<DropShadowEffect BlurRadius="10"
                                              Opacity="0.5"
                                              ShadowDepth="4" />
                                </Path.Effect>
                            </Path>
                            <TextBlock Canvas.Left="50"
                               Canvas.Top="28"
                               Width="100"
                               Height="65"
                               Text="{TemplateBinding Content}"
                               TextWrapping="Wrapwithoverflow" />
                        </Canvas>
                    </ControlTemplate>
                </Setter.Value>
            </Setter>
        </Style>

You can style the bubble a bit:

        <LinearGradientBrush x:Key="LightBrush" StartPoint="0,0" EndPoint="0,1">
            <GradientBrush.GradientStops>
                <GradientStopCollection>
                    <GradientStop Color="#FFF" Offset="0.0"/>
                    <GradientStop Color="#EEE" Offset="1.0"/>
                </GradientStopCollection>
            </GradientBrush.GradientStops>
        </LinearGradientBrush>

        <SolidColorBrush x:Key="SolidBorderBrush" Color="#888" />
    
        <Style x:Key="{x:Type ToolTip}" TargetType="ToolTip">
            <Setter Property="OverridesDefaultStyle" Value="true" />
            <Setter Property="HorizontalOffset" Value="-50" />
            <Setter Property="VerticalOffset" Value="0" />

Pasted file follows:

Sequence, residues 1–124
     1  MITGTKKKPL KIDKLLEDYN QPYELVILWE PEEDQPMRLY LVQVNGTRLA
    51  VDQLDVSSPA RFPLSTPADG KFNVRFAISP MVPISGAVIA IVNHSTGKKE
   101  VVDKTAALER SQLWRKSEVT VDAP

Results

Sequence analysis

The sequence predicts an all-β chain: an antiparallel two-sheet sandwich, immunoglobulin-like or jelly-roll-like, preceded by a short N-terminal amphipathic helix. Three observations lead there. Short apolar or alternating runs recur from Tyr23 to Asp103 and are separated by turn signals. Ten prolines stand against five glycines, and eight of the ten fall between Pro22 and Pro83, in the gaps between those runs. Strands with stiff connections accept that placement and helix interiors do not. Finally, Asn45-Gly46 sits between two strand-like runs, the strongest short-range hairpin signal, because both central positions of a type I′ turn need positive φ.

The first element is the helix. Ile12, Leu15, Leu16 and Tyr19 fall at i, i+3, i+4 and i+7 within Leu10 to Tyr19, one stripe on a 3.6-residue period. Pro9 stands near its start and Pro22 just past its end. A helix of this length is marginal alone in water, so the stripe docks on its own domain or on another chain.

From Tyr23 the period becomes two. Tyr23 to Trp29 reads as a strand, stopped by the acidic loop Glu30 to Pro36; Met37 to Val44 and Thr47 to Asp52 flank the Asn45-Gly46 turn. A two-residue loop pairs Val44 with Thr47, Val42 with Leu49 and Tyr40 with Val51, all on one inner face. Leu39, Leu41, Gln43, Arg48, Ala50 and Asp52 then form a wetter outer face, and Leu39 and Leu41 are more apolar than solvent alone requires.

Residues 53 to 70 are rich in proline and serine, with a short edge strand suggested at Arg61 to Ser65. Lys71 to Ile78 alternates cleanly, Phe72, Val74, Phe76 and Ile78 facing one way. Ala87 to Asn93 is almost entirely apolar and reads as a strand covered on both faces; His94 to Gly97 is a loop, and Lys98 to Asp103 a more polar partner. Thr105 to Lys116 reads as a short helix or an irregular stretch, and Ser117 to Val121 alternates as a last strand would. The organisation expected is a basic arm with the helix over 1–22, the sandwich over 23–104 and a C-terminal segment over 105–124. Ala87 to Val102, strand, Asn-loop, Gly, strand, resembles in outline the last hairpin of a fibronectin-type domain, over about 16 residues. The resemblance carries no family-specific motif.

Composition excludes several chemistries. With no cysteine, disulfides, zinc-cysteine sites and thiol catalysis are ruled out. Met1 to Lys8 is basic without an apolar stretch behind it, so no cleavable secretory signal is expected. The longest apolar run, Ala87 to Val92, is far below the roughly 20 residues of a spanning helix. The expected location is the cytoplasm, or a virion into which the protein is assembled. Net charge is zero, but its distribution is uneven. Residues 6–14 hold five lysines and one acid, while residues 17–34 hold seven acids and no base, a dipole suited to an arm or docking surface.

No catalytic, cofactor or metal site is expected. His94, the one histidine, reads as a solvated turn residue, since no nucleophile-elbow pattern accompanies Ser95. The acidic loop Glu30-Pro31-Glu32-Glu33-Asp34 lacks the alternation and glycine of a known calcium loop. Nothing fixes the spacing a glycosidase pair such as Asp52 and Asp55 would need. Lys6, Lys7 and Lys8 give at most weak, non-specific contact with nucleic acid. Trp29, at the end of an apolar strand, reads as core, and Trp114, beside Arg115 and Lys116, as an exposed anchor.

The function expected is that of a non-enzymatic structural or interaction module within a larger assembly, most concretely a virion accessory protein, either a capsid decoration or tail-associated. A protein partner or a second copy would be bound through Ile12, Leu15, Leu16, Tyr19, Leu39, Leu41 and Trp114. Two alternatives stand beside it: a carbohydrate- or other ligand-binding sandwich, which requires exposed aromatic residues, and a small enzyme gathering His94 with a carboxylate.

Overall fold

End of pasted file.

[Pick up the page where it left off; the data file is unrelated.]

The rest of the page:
<Setter Property="Background" Value="#BE1C1C1C" />
            <Setter Property="Foreground" Value="Gray" />
            <Setter Property="FontSize" Value="12" />
            <Setter Property="FontFamily" Value="Segoe UI" />
            <Setter Property="Template">
                <Setter.Value>
                    <ControlTemplate TargetType="ToolTip">
                        <Canvas Width="200" Height="100">

                            <Path x:Name="Container"
                          Canvas.Left="0"
                          Canvas.Top="0"                                  
                          Margin="0"
                          Data="M 50,10 L60,0 L70,10 L200,10 L200,100 L0,100 L0,10 L50,10"                                  
                          Stroke="Black">
                                <Path.Effect>
                                    <DropShadowEffect BlurRadius="10"
                                              Opacity="0.5"
                                              ShadowDepth="4" />
                                </Path.Effect>
                                <Path.Fill>
                                    <LinearGradientBrush EndPoint="0.5,1" StartPoint="0.5,0">
                                        <GradientStop Color="#CF181818" Offset="0"/>
                                        <GradientStop Color="#BE1C1C1C" Offset="1"/>
                                    </LinearGradientBrush>

                                </Path.Fill>
                            </Path>
                            <TextBlock Canvas.Left="50"
                               Canvas.Top="28"
                               Width="100"
                               Height="65"
                               Text="{TemplateBinding Content}"
                               TextWrapping="Wrapwithoverflow" />
                        </Canvas>
                    </ControlTemplate>
                </Setter.Value>
            </Setter>
        </Style>

I then looked into the concept of centring the arrow, the following links looked like they might help:

http://stackoverflow.com/questions/14167763/wpf-path-geometry-is-there-a-way-to-bind-the-data-property

http://www.blackwasp.co.uk/WPFPathMarkupsyntax.aspx

And I did try expanding the syntax: